IMAGE: SPONSOR OF SEXUAL ORIENTATION BILL
Rich Pedroncell  /  AP file
California Sen. Sheila Kuehl, right, embraces Sen. Gloria Romero after the state Senate passed Kuehl's bill requiring California's textbooks to include sexual orientation of individuals when citing their contributions to history.
updated 5/12/2006 9:12:19 AM ET 2006-05-12T13:12:19

California children would read about homosexuals' contributions to history under a bill approved by state senators who often drew on their own childhood experiences in supporting the measure.

The bill would require California's social science textbooks to include the contributions of gays, lesbians, bisexuals and transgender people to the state and nation's history. California is the United States' largest buyer of textbooks, with annual spending topping $400 million.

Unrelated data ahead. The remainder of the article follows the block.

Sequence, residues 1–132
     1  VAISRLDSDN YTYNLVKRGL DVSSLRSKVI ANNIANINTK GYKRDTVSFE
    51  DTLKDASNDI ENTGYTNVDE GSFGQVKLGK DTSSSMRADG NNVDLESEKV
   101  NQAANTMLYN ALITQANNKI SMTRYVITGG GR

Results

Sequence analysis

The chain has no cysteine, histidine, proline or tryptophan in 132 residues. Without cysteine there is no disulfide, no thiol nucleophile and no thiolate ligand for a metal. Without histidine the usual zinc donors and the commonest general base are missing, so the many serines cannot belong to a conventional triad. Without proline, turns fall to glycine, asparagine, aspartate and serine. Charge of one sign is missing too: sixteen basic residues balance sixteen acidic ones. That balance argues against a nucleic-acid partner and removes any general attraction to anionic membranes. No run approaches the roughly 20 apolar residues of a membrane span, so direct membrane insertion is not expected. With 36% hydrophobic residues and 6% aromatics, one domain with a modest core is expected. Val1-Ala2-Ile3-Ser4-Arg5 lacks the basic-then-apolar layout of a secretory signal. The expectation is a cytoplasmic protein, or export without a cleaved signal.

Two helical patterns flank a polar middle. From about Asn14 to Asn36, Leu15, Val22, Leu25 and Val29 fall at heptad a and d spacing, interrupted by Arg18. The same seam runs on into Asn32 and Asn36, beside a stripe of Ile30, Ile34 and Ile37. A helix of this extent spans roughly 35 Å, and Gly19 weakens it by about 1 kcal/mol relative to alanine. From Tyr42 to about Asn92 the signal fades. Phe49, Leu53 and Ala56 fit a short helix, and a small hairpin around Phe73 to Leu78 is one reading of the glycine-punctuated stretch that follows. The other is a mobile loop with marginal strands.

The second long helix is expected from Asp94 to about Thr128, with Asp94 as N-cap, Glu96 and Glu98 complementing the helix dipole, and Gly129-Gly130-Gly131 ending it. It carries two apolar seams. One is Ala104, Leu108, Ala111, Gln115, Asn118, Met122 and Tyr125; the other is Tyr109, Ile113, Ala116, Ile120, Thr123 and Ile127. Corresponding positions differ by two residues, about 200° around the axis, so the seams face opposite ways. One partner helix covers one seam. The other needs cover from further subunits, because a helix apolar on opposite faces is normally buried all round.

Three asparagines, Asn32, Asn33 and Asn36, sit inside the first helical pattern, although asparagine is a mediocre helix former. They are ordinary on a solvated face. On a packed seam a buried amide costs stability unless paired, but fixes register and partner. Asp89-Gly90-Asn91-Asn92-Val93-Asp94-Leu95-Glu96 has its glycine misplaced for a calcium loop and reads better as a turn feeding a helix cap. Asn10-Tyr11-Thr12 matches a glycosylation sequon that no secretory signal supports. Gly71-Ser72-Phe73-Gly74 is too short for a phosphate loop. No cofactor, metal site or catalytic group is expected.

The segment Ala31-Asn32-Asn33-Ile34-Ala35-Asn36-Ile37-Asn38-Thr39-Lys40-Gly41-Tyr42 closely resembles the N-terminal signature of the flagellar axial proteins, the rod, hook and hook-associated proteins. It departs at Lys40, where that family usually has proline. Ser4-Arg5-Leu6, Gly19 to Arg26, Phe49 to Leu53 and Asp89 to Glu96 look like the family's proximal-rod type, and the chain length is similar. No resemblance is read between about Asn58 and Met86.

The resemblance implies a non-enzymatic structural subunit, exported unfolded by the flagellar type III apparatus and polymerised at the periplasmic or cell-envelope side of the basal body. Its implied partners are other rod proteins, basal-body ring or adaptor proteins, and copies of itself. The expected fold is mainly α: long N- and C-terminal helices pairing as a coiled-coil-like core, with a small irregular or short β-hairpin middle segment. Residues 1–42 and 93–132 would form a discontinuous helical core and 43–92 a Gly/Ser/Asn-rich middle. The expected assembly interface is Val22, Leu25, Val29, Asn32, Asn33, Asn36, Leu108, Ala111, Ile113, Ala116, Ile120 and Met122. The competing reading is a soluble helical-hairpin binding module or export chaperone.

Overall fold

The measure passed Thursday 22-15, with no Republican votes. It heads to the Assembly, where opponents vowed another fight.

The bill — introduced by Democratic Sen. Sheila Kuehl, the state's first openly gay legislator — also would bar textbooks and other instructional material that portrayed gays in a negative light.

Two of three gay students are verbally harassed and one of six is physically harassed, said Geoff Kors, executive director of Equality California, which sponsored the legislation. "The invisibility that currently exists (in textbooks) contributes to that," he added.

Other women senators drew parallels to the lack of female or minority role models they saw in history books as children.

Sen. Bill Morrow disputed the comparison. "If you are a black American, you can't help it, you were born that way," he said. "There is not one scintilla of credible scientific evidence that suggests that homosexuality is biological in origin..... It is behavioral; it is not racial."

Sen. Richard Alarcon disagreed. "This is the way ... God made people," said Alarcon. "Let's stop trying to hide this reality."

Republican Governor Arnold Schwarzenegger has not taken a position on the bill.

Copyright 2006 The Associated Press. All rights reserved. This material may not be published, broadcast, rewritten or redistributed.

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